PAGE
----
Of course, Stonehenge and Avebury now form part of an internationally important World Heritage Site, but they were also of interest in the 17th century to the new breed of antiquarians like Wiltshire’s very own John Aubrey. By the 18th century the sites were gaining wider interest but there was still uncertainty as to their origins. In 1720 Johann Georgio Keysler was writing about Celtic Antiquities (ref. STN.930).
Three years later Thomas Twining’s essay was exploring “Avebury in Wiltshire, the remains of a roman work, erected by Vespasian and Julius Agricola during their several commands” (ref. AVE.937). The notable architect Inigo Jones had compiled his “The most notable antiquity of Great Britain, vulgarly called Stone-heng, on Salisbury Plain”, published in 1725 (ref. STN.930) with William Stukeley publishing his findings “Stonehenge : a temple restor'd to the British Druids” in 1740 (ref. STN.921).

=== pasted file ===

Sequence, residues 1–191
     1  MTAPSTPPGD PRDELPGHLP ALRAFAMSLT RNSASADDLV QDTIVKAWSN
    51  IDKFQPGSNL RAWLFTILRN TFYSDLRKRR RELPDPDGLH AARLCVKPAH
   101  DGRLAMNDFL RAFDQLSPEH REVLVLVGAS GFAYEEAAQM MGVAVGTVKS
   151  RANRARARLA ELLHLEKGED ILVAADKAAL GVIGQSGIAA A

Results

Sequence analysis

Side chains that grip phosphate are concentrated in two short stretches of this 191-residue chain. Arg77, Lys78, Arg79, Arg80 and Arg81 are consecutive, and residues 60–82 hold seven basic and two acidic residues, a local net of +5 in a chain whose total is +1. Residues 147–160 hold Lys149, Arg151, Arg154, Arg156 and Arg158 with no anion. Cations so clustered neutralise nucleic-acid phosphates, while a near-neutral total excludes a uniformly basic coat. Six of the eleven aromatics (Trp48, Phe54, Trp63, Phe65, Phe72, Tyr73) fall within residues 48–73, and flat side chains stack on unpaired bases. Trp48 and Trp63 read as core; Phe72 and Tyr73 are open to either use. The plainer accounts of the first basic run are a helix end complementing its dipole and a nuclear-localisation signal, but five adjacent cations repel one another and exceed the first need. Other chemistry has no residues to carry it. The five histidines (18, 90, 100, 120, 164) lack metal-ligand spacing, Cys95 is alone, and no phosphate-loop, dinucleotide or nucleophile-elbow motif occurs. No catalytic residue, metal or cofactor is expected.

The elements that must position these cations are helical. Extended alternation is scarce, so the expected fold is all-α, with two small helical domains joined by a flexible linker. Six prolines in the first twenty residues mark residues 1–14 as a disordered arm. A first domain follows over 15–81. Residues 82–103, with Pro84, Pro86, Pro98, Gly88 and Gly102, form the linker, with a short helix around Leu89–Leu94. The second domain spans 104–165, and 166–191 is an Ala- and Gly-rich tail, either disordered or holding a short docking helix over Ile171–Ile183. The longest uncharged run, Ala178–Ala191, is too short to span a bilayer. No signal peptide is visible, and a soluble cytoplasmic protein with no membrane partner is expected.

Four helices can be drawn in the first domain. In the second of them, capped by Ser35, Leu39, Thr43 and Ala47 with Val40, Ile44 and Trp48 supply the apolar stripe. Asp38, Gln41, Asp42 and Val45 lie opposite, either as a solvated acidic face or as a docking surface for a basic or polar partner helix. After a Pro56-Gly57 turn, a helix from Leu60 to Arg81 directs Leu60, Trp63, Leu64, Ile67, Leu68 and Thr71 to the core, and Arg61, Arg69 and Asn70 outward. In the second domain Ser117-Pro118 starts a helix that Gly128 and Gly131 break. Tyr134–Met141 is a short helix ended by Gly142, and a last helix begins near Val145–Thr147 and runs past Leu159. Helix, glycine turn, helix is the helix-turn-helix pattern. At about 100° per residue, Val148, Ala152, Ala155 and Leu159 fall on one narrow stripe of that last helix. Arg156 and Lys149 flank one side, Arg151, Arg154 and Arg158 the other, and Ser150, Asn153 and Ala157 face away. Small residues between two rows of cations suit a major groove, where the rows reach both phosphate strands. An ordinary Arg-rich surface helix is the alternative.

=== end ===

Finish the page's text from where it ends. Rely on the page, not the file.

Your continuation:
You are more than welcome to view any of the items in this article at the Wiltshire & Swindon History Centre; just make a booking via our website. You can search the Local Studies collection via the Wiltshire Library catalogue (select Wiltshire & Swindon History Centre as a branch).
County Local Studies Librarian
Wiltshire & Swindon History Centre
- Tags: A303 Stonehenge, Avebury, Bremhill, Celtic Antiquities, Charles Lucas, Chippenham, Civil war, Commonwealth, County Local Studies Librarian, Devizes, Devizes Town Hall, Dr John Smith, druids, Edward Goldney, Edward Stokes, House of Commons, impeachment, Inigo Jones, Johann Georgio Keysler, John Aubrey, John Legg, J_ M_ Coombs, King Charles I, Local Studies, Mr Hoadly, non-conformist, religion, Salisbury, Samuel Masters, Sir Thomas Fairfax, special collection, Stonehenge, Swindon, the British and Foreign Bible Society, Thomas Twining, William Lisle Bowles, William Stukeley, Wiltshire, Wiltshire and Swindon History Centre, Wiltshire Council Libraries, Wiltshire Feast, Wiltshire Studies, ‘Salisbury Quarrel’